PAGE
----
Helpline will 'positively transform the culture of gymnastics' after abuse scandal

Gymnasts have come forward to tell their experiences of bullying or abuse in the sport.
  • Words by NSPCC CEO, Peter Wanless and British Athletes Commission CEO, Mahdi Choudhury

In the last few weeks, gymnasts have bravely come forward about their experiences of abuse and bullying within their sport.

It is no easy task but everyone who speaks out is helping to positively transform the culture of the sport for tomorrow’s gymnasts.

A number of high profile elite gymnasts revealed that they have suffered varying degrees of bullying, mistreatment and abuse but we know these experiences are not unique to professionals.

Some said they were hit or made to train on injuries while others have claimed they were verbally abused or constantly told they were overweight to the point that they struggled with eating disorders.

This is a sport played and enjoyed by millions and, while not everyone shares these experiences, we know there are many who hear these sobering claims and realise the same happened or is happening to themselves, their children or young people they know.

Gymnastics brings joy to young people up and down the country and, like all sport, plays a huge part in enriching childhoods, so ensuring the safety and wellbeing of all involved in the past, present and future must be paramount.

That is why we, the British Athletes Commission (BAC) and the National Society for the Prevention of Cruelty to Children (NSPCC), jointly set up a free, confidential and independent helpline that is a safe space for you voice any concerns.

Amy Tinkler filed a complaint about her experience to British Gymnastics. Credit: PA

The last time the NSPCC set up a dedicated helpline was in response to the FA abuse scandal which led to many referrals being made to police with information about clubs, victims and suspects across the country.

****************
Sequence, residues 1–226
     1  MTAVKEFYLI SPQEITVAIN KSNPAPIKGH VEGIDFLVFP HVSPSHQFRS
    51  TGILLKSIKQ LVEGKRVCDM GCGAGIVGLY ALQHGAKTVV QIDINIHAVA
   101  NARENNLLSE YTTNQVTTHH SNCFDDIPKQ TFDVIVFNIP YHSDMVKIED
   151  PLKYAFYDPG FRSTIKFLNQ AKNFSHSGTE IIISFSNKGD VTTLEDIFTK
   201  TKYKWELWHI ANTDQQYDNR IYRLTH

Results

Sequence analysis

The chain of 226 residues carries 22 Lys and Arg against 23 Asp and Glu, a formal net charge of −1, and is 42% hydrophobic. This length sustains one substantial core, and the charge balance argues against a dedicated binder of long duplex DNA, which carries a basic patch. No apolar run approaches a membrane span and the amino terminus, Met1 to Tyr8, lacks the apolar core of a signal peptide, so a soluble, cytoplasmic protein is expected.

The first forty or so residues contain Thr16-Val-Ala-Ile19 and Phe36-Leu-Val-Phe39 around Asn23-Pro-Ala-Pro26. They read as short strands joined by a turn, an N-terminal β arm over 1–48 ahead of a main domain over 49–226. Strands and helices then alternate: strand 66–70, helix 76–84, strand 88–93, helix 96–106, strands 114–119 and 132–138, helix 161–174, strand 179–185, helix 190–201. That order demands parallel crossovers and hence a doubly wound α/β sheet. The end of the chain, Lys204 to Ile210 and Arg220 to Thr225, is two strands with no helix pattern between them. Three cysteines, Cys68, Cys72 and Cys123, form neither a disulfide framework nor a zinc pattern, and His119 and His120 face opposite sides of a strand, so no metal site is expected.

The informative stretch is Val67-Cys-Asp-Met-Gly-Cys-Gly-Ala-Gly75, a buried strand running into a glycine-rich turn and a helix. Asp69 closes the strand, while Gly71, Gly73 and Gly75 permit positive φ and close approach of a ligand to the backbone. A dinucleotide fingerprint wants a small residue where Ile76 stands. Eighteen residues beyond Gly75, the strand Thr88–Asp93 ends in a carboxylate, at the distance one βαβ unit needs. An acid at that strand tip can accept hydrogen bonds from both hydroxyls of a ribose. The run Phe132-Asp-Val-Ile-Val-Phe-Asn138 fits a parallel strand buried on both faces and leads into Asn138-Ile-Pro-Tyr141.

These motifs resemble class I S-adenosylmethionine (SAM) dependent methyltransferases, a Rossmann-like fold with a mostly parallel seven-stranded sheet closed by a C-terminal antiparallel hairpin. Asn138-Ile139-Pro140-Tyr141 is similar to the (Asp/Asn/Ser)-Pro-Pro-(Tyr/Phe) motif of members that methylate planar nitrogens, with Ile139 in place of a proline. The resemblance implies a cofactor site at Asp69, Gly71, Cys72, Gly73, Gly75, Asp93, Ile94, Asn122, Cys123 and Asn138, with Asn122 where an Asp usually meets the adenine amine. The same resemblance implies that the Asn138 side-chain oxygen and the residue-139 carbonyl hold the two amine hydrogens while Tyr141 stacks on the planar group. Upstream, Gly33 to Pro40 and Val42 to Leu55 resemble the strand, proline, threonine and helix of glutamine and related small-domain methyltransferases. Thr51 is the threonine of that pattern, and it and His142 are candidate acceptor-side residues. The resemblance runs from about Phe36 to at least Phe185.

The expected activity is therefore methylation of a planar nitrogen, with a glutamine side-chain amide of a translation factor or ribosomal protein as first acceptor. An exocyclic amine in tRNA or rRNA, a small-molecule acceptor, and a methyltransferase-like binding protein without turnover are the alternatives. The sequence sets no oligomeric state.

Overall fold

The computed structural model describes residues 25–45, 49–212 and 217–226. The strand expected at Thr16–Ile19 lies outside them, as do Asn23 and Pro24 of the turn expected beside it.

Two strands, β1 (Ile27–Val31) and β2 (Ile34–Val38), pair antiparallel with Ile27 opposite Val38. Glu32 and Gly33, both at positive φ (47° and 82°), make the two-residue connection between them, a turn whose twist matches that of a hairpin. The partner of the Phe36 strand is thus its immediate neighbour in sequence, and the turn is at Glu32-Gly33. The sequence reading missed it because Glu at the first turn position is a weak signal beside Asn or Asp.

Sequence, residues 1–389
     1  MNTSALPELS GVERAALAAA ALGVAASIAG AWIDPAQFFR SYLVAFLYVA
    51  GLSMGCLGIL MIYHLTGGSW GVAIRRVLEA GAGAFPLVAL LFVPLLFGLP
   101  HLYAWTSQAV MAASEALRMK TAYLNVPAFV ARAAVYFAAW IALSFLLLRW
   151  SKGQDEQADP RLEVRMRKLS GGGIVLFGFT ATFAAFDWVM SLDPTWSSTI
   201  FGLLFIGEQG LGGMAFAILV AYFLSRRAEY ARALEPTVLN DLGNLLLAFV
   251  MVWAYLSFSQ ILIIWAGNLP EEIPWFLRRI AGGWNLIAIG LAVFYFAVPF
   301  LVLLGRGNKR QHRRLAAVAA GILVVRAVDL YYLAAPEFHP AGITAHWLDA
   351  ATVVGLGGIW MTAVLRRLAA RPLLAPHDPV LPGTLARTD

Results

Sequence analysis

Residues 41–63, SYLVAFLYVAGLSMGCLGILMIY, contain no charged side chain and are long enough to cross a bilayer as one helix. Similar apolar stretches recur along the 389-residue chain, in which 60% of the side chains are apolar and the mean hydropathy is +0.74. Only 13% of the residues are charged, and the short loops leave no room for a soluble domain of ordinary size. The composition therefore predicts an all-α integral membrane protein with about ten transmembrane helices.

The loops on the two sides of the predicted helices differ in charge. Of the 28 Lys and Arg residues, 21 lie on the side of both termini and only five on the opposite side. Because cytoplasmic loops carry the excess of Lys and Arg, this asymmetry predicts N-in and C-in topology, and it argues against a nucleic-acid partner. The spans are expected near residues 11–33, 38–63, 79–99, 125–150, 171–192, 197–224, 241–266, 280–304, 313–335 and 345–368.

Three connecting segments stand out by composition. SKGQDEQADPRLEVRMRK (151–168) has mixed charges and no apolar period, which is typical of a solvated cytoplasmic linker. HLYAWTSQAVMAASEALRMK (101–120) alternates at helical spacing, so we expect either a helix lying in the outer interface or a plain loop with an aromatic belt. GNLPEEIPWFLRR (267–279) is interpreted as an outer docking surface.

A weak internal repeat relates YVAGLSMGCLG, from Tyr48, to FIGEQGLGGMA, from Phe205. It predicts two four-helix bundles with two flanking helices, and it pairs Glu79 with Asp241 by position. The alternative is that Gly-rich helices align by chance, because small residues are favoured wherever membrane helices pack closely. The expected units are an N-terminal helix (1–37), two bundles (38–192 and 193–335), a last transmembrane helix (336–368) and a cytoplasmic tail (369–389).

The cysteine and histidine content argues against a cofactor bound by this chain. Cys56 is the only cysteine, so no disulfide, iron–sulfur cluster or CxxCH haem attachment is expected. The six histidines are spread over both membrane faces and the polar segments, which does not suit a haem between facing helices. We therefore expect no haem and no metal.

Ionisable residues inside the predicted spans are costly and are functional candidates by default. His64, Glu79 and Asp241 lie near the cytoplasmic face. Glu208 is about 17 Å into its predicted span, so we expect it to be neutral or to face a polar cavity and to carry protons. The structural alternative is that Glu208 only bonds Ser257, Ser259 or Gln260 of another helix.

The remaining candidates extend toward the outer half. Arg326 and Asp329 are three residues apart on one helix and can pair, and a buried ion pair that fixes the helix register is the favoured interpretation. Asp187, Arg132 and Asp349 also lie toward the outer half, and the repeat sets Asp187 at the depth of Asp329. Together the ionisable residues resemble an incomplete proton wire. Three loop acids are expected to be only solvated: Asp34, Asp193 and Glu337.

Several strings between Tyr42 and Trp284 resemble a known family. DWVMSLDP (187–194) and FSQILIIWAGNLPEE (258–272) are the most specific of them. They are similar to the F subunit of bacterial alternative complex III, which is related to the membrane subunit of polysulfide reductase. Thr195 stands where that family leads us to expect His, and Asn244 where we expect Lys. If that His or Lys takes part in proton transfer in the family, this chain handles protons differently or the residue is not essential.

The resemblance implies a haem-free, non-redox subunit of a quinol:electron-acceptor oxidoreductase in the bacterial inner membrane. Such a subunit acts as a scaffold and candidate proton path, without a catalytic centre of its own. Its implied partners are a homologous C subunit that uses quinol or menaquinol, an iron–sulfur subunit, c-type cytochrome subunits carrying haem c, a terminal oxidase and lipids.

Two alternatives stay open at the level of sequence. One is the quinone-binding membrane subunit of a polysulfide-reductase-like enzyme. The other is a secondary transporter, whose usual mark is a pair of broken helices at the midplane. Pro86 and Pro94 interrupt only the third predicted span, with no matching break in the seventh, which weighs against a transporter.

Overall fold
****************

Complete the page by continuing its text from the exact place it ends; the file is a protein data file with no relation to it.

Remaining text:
We want to hear from gymnasts, parents or anyone involved in the sport at any level.

As a parent or other adult, you may have noticed a young gymnast is increasingly withdrawn and anxious, has experienced dramatic weight loss or has unexplained bruises.

But signs of abuse and bullying could also be much subtler, so we urge anyone who feels something might not be quite right to get in touch with the helpline.

Our trained and approachable counsellors are there to lift the weight off your shoulders. No concern is too small and they will listen to you without judgement and use their expertise to give advice, answer any questions and, if necessary, refer to a relevant agency such as the police.

All callers coming through will be offered the opportunity, where appropriate, for their details to be shared with the BAC who can offer a follow up call to discuss any specialist support or advice you may need.

This is all part of the BAC’s newly-established Athlete Support Unit, which will provide end-to-end support to athletes and families affected by the allegations of abuse.

By calling the helpline, you will also be offered a chance to input to the Independent Inquiry commissioned by Sport England and UK Sport.

As the lockdown lifts, people will be returning to sports and should be able to enjoy them safe from harm.

We want you to know that every call to the helpline is important. By picking up the phone you are playing your part in positively transforming the culture of the sport for tomorrow’s gymnasts. You are making gymnastics a safer, more welcoming place for all.

If you wish to receive support or report concerns of bullying or abuse in the sport, please call 0800 056 0566 from 8am to 10pm weekdays or 9am to 6pm weekends. Alternatively, you can email